1. Practice Gratitude to Put Stress in Perspective

We know that we can’t eliminate stress from our lives. That would be too easy. All we can do is control our reaction to stress to help minimize the damage. A gratitude journal might sound cheesy, but several researchers have evaluated the effects of gratitude. It’s been shown to increase optimism and happiness and to result in more exercise and fewer doctor visits. Next time you find yourself in a stressful moment, focus on the silver lining. Say it out loud or write it down. For example:

 

  • “Instead of being stressed that my boss is out of town, I’m grateful she trusts me enough to hold down the fort.”
  •  “Instead of being stressed that I’m hosting 30 people for dinner, I’m grateful for the opportunity to spend time with loved ones.”
  • “Instead of being stressed that my kids are asking me for help on their homework after a long day at work, I’m grateful they’re sitting down to get it done instead of complaining.”

 

  1. Have a Solid Bedtime Routine

According to the National Sleep Foundation, our bodies produce more stress hormones when we don’t sleep well. The American Psychological Association reports that even slight sleep deprivation can affect your judgment and mood. It doesn’t exactly sound like a recipe for holiday cheer.

 

So what can you do about it? Tighten up your nighttime routine. That means no tech before bed, and keep your room nice and dark. Exposure to light — blue light included — is thought to suppress melatonin and make it harder for you to get a good night’s sleep. Spend an hour winding down, meditating, reading and stretching. Heck, break out the bubbles, dim the lights and take a bath. Researchers at the University of Texas found that a warm bath an hour or two before bedtime can significantly improve sleep.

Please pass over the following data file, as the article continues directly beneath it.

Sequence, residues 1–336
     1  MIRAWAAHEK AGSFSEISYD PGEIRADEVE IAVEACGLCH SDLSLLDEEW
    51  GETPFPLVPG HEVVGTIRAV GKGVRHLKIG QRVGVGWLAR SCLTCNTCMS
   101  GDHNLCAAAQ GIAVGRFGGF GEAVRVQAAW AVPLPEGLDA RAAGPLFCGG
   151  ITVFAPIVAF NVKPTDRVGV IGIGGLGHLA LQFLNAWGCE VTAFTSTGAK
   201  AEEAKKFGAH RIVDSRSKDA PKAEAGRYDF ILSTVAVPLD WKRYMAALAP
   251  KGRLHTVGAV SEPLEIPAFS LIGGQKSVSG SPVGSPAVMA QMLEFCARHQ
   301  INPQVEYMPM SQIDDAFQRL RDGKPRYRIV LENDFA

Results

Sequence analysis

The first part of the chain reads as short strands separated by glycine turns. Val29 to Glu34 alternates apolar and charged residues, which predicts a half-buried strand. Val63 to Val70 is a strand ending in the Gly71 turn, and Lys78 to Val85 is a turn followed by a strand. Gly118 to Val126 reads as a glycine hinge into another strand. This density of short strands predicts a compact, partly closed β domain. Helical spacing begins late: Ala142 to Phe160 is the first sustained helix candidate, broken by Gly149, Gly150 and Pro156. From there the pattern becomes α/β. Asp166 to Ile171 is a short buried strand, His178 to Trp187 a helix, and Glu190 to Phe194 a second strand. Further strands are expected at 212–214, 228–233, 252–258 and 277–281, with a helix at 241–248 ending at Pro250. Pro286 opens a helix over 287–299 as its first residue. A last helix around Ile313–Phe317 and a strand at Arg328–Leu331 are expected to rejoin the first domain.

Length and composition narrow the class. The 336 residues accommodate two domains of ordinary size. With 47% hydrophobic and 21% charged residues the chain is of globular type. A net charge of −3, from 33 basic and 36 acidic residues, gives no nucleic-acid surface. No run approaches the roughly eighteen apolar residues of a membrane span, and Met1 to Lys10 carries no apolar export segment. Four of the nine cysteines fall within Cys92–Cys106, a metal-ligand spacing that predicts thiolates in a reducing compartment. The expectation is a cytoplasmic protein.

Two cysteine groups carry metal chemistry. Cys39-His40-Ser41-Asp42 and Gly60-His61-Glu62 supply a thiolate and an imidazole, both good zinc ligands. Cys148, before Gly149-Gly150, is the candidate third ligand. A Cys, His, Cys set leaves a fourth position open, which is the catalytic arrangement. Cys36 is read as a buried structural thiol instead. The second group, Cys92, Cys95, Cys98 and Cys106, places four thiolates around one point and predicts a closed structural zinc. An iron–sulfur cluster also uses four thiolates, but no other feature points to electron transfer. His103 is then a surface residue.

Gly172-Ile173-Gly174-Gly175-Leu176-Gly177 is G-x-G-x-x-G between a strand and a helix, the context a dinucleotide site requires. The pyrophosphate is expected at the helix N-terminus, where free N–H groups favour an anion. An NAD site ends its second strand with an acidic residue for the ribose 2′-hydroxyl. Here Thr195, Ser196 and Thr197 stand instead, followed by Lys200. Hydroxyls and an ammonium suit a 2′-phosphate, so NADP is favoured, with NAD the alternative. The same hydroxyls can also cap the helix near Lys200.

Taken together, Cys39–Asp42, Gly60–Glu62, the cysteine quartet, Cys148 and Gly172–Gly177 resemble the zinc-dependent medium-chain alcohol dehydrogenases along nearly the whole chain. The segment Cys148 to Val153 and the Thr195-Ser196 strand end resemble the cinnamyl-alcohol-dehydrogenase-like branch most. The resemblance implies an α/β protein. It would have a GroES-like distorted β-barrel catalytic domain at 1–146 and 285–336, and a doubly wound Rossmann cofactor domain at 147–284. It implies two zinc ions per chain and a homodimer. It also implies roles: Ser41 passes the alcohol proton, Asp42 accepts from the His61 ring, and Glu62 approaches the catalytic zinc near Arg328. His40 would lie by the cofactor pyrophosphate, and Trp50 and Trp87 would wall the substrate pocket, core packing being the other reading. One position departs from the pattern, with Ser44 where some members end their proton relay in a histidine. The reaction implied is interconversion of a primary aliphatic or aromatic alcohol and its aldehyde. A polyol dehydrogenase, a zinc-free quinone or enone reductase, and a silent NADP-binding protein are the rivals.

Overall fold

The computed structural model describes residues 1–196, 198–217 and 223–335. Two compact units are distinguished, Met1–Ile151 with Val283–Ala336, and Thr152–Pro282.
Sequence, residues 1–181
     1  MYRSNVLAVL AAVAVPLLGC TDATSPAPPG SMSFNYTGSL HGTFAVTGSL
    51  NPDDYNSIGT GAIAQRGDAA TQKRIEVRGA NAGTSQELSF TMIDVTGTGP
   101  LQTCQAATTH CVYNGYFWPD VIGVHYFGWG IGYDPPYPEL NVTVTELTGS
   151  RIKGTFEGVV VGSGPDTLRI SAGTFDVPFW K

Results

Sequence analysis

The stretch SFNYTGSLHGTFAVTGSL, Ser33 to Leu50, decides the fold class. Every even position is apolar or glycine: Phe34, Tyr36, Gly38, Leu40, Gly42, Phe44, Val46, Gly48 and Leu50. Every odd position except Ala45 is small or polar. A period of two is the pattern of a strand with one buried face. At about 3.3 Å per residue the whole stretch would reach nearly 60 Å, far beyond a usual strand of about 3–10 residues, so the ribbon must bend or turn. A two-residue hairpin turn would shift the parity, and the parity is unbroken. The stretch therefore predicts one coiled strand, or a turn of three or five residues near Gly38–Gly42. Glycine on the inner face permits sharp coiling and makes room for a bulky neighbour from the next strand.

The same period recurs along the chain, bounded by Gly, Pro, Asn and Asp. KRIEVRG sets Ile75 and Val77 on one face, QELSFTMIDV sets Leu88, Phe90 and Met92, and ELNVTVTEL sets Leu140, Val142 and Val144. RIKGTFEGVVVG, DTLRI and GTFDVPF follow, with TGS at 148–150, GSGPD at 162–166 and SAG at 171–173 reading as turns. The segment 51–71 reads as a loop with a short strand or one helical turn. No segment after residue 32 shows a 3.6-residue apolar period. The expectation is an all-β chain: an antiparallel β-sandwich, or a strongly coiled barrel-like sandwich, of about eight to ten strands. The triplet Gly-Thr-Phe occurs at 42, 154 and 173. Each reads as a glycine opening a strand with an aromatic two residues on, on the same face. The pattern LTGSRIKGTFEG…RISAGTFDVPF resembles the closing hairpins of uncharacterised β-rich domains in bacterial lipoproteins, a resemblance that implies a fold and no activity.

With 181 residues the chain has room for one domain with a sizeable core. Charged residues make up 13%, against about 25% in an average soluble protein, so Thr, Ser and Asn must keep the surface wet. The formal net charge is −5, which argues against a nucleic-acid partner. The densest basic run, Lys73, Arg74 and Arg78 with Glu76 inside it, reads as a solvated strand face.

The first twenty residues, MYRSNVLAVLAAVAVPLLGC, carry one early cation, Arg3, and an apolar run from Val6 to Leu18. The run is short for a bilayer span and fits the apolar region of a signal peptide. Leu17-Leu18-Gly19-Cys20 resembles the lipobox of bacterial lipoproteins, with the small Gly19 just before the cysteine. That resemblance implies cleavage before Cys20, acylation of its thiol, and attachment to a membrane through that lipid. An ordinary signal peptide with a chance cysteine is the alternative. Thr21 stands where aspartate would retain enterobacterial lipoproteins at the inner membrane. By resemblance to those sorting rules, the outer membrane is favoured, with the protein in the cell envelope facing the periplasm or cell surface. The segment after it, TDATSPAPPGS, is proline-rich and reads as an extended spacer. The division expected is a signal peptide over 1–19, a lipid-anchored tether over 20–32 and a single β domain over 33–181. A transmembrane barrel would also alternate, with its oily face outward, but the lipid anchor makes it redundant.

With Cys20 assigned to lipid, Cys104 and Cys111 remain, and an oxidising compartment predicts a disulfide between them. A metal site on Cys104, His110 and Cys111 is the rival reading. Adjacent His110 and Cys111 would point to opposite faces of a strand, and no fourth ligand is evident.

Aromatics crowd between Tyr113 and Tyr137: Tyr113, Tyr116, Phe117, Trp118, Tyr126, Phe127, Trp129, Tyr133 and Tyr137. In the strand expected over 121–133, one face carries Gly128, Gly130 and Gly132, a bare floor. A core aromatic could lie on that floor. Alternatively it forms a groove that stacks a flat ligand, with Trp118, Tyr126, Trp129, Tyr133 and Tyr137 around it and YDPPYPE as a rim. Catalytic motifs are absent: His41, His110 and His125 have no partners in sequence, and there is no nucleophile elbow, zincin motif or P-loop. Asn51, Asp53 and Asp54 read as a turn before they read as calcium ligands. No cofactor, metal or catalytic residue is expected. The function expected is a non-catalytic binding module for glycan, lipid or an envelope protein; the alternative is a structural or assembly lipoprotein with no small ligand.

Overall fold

1. Learn a Few Breathing Exercises

Take a page from yoga’s playbook and use breathing techniques to counteract stress. A study published in the journal “Frontiers in Human Neuroscience” concluded that slow breathing positively impacted emotional control and psychological well-being. And according to Healthwise,, it’s one of the best ways to decrease stress. So, feel stress levels spiking? Pause, slow down your inhales and exhales and feel the sweet, stress-free relief kick in.

 

Catherine Conelly is a former beauty and health editor turned freelance writer and digital marketer. She’s written for Shape, Thrillist, PopSugar and StyleCaster. Her work has also appeared on Forbes, Entrepreneur, the Glassdoor blog, and Adidas Game Plan A.


References:

  1. https://psycnet.apa.org/record/2006-05169-012
  2. https://psycnet.apa.org/record/2000-07236-007
  3. https://www.apa.org/research/action/immune
  4. https://www.sciencedaily.com/releases/2015/04/150416112826.htm
  5. https://www.ncbi.nlm.nih.gov/pubmed/17895634
  6. https://www.sciencedirect.com/science/article/pii/S2095254618301005
  7. https://www.health.harvard.edu/healthbeat/giving-thanks-can-make-you-happier
  8. https://www.sleep.org/articles/sleep-and-stress/
  9. https://www.apa.org/news/press/releases/stress/2013/sleep
  10. https://www.ncbi.nlm.nih.gov/pmc/articles/PMC3047226/
  11. https://www.sciencedaily.com/releases/2019/07/190719173554.htm
  12. https://www.ncbi.nlm.nih.gov/pmc/articles/PMC6137615/
  13. https://www.uofmhealth.org/health-library/uz2255